A Death in the Eternal City

Photo credit: David de Sola

Rome is one of my favorite cities on Earth, with a deep personal significance for me. I had the incredible privilege of living there for four years on two separate occasions. The first time, I was there for my final three years of high school. The second time, I was working there for a year after finishing graduate school. I’ve traveled far and wide in the years since, but I always find myself coming back to Rome, in body or in memory. My experiences living and growing up abroad were some of the most influential of my life, and I eagerly recommend it to anyone who has the opportunity to do so. I think it would be fair to say most of my friends and former classmates I knew from my time there would say the same thing.

I was shocked and devastated to hear about the death of Beau Solomon, the 19-year-old University of Wisconsin student whose body was found in the Tiber River a few days ago. Part of the reason this story hits so hard is the unnerving feeling that the same thing could have happened to me, or to someone I know. Friends of mine from high school still live and work in Rome. My cousin who just graduated from high school spent a few days there earlier this summer.

The Trastevere neighborhood is a very popular hangout for local Romans, expats and tourists alike, with bars, restaurants, and hangouts for just about any demographic or activity you can imagine. I lived in that neighborhood for a year, about a ten-minute walk from the John Cabot University campus, where Beau had enrolled in a summer abroad program. I walked those streets at all hours of the day and night in varying degrees of sobriety. I never once felt unsafe or in any danger. Many friends and relatives have visited Rome over the years, and none of them ever had a bad experience, to the best of my knowledge.

As I recall from my high school days, I was warned about pick pockets, especially in areas with a high concentration of tourists, as well as potential for violence associated with local hooligans after a soccer match. To the best of my recollection, neither I nor any of my friends ever had a problem with either, nor did we go out looking for trouble.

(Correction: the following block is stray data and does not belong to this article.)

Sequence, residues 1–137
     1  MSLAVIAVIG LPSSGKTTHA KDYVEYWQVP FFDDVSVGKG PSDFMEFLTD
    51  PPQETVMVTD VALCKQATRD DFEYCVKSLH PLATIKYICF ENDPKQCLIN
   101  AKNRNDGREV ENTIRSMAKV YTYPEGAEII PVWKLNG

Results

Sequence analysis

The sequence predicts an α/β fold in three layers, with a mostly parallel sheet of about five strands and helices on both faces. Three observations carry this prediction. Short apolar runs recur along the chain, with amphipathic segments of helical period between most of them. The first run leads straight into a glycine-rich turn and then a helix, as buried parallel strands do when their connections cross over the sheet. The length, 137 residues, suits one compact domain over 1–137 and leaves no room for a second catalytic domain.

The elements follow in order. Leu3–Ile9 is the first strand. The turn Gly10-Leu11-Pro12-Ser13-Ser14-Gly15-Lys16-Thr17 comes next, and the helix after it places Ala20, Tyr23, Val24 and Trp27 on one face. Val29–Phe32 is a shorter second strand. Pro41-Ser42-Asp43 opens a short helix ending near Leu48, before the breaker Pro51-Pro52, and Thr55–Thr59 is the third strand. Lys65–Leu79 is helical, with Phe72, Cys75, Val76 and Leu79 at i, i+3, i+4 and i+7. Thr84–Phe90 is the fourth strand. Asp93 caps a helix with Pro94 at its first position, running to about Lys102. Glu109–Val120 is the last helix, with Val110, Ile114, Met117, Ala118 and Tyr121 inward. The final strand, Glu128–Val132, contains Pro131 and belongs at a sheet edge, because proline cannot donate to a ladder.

These words will do little to comfort Beau Solomon’s family and friends. What happened to Beau was a tragedy, and my thoughts go out to them, as well as the John Cabot community. Whoever was responsible should be prosecuted to the fullest extent Italian law permits. To the people who are reconsidering their trips, work or study abroad opportunities to Rome, I would urge you not to. Even by Italian or European standards, Rome is a unique city with its own distinct identity, culture and flair.

Henry James — the American expat and writer who fell in love with Rome more than a century ago — wrote in a letter to his brother in 1869: “At last — for the first time — I live! It [Rome] beats everything: it leaves the Rome of your fancy — your education — nowhere. It makes Venice, Florence, Oxford, London seem like little cities of pasteboard… I’ve seen Rome, and I shall go to bed a wiser man than I last rose yesterday morning.”